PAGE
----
If you want to go beyond point and shoot photography and automatic mode on your camera then this is a great book. Its the book I've wanted to read ever since we got our SLR. I thought I had a pretty good grip on how exposure worked but I learned quite a bit about the basics in this book.
There are a lot of really beautiful photos in this book. They illustrate the concepts in the book very well and the author makes it seem quite possible that I could achieve similar results. The section on aperture, shutter speed and ISO was very good. But the section where I learned the most was the section on metering. I knew almost nothing about this before starting.
After reading the book I can't wait to go out and try some nighttime photography. And of course I have a list of new things to buy, but not so many things. Really just a few filters.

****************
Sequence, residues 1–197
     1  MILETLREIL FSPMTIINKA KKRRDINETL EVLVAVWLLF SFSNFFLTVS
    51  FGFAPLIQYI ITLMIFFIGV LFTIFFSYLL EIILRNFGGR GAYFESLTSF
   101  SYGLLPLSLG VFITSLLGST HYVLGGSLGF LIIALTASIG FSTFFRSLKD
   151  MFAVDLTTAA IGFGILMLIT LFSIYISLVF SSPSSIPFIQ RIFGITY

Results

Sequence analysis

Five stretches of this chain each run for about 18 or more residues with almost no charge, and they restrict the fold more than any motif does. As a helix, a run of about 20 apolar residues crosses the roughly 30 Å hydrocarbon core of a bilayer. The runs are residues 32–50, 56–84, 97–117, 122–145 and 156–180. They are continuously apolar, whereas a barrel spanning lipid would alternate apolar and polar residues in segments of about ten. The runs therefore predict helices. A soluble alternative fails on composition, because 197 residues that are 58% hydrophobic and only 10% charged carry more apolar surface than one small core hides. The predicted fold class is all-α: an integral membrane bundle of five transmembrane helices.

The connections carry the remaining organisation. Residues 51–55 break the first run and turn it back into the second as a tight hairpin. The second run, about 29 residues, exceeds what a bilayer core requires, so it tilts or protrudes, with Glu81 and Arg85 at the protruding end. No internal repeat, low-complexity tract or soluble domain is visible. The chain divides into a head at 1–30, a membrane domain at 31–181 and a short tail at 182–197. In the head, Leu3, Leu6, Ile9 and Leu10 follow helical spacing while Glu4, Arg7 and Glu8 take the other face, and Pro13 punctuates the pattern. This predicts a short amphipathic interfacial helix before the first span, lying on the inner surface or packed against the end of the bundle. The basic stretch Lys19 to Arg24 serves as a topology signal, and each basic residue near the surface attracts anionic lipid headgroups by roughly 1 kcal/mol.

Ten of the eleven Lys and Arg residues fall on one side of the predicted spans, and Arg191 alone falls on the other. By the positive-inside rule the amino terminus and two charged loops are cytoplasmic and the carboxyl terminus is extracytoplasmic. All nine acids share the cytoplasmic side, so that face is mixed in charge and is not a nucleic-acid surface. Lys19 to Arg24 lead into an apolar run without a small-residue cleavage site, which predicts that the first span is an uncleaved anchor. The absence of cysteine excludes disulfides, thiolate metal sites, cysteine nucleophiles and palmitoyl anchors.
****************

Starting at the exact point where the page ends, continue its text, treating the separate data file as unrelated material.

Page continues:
I wish there was a section on using a flash in this book. I'm going to have to look elsewhere for that. I'm sure the author is right when he says its much better to find ways to use available light to capture your subject. But flash pictures are consistently my worst and I'd like to improve them.
Most interesting things learned? Camera light meters automatically set exposure as if the scene is grey (18% grey its called). I guess the majority of scenes are composed of things at about that tone so the camera will adjust to achieve that tone for the photo. This works fine unless the subject is not that tone. In short, to take a photo of something black you need to underexpose by one stop if you want it to be black and not grey or if the subject is white overexpose by one stop. I think cameras that use something called matrix metering probably don't suffer from this and thats why we have always got better results in snow when using my point and shoot.